But good breeding consists in much more than in merely not being ill-bred. To return a bow gracefully, to conform to the rules of etiquette, to speak when you are spoken to, and to say nothing displeasing, are merely negative acts. If you desire to obtain the good will and esteem of your acquaintance, you must seek to render yourself actively agreeable.

For example, if a friend is coming to see you, recollect whether you ever observed him to prefer one thing more than another, and endeavour to procure it. You can then mention incidentally, "At such a time, I think you seemed to give this dish a preference, I therefore ordered it." Or else, if your friend is fond of any particular flower, let it grace your drawing-room; if desirous to see any recently published book, or poem, be at some pains to procure it.

We need only refer our readers to their own memories. How have such little acts of kindness, when shown by others, soothed and delighted them; how cheerfully have they gone to their homes, filled with pleasant thoughts; and how warmly have they felt towards the friend who has thus sought to make them happy!


"Come, stand with me, beside the silver stream,

That sweeps in silent beauty through the fields; Most wondrous creatures haunt its stilly depth." NUMEROUS insect habitations, as yet unvisited, diversify this pleasant field of rustling corn, some beneath the grain, others along the banks; others, again, overshadowed by autumnal flowers, which still linger in their beauty and their fragrance. Homes are they of busy creatures; whether celllike, or made of leaves; whether the work of tiny masons, or fairy-formed carpenters, they are each adapted to the exigencies, or the social comforts of those who dwell within them. We might examine many such, and delight ourselves with the wonders which they contain, still find something new, and something to instruct us, in exploring the recesses of the field; but time would not suffice, and yonder streamlet has its occupants which, like the "sea-girt sisters,' "have their crystal palaces beneath the water, more beauteous than such as rose on the astonished sight of Aristæus, when, seeking his mother Cyrene amid the waves of the Peneus, he bore the tale

"Of his lost bees to her maternal ear."

The habitation of the aquatic spiders, (Aranea aquatica,) is singularly elegant; it is reared as if by the fabled wand of an enchanter, in the midst of an aqueous element, and is formed, in fact, of air. Spiders are mostly terrestrial, but this is aquatic, or rather amphibious; for although residing in streams or brooks, swimming with great celerity, and that generally on her back; being also an excellent diver, and liking to float in the beams of an October sun, while the waters gently heave and ripple, she not unfrequently hunts on shore, and having secured her game, readily plunges with it to the bottom of the water. Availing herself, as it would seem, of certain well known philosophical principles, to avoid being always wet, she prepares a singular abode, and dwells within it in comfort and security. This is her method:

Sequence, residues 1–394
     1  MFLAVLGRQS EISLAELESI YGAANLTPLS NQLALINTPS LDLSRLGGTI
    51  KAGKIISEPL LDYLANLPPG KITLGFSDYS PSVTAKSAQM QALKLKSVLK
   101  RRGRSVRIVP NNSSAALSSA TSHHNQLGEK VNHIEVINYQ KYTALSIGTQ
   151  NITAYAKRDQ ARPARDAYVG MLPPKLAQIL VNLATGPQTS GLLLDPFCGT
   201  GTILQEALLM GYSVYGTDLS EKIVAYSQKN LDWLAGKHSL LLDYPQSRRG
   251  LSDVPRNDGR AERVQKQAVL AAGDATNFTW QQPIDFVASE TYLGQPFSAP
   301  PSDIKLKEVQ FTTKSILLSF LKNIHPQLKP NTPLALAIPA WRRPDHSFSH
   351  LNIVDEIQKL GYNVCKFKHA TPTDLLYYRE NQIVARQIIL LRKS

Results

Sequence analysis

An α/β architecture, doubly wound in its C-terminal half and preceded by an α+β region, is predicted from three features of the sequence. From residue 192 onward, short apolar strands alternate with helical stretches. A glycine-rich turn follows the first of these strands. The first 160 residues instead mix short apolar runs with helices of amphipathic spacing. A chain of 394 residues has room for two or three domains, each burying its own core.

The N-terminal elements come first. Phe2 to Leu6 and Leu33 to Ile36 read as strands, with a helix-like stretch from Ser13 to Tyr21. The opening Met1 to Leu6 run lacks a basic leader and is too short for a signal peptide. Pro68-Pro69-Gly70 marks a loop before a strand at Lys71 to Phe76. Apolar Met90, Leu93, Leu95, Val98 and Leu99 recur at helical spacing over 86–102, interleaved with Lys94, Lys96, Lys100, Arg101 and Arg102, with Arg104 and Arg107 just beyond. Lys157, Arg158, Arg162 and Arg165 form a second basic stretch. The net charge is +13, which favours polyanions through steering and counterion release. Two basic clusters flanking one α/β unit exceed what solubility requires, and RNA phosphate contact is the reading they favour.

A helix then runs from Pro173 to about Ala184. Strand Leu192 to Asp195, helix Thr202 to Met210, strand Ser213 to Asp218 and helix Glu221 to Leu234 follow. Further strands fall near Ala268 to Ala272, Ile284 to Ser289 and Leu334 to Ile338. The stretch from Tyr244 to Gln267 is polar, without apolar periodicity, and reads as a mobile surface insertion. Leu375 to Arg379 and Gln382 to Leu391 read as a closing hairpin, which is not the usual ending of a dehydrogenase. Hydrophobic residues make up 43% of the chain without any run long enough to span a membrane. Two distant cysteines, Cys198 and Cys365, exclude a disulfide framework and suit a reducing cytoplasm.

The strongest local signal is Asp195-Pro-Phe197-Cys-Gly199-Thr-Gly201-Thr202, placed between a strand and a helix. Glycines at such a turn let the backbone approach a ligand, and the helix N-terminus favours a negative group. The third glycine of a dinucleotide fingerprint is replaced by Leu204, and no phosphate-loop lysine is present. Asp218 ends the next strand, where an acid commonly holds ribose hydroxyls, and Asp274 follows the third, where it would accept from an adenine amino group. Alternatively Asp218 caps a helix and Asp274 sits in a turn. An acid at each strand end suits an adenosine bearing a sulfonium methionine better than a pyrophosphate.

Stationing herself on the leaf of a submerged plant, the sagacious creature spins loose threads in all directions, which she fixes according to her inclination, for the frame-work of her dwelling. She next covers them with a transparent varnish resembling liquid glass, elastic, and capable of such expansion and contraction that if a hole be made therein it immediately closes; after which she attaches to her small person a pellet of the same material, and ascends to the surface, where she transfers a bubble of air beneath the pellet, by means of curious and appropriate machinery, answering a twofold purpose the one that of absorbing atmospheric air, the other of pumping it forth through an orifice adapted to the purpose, and which is surrounded with bristles, serving to uphold and keep the pellet distended. The pellet, therefore, presently assumes the appear ance of an aërial mantle, comparable in its texture to resplendent quicksilver; and the spider, thus beauteously attired, plunges to the bottom of the water, and introduces her bubble of air beneath the roof prepared for its reception, with as much dexterity as a chemist transfers gas with a gasblower. This done, she again rapidly ascends to the surface, and as rapidly revisits the lear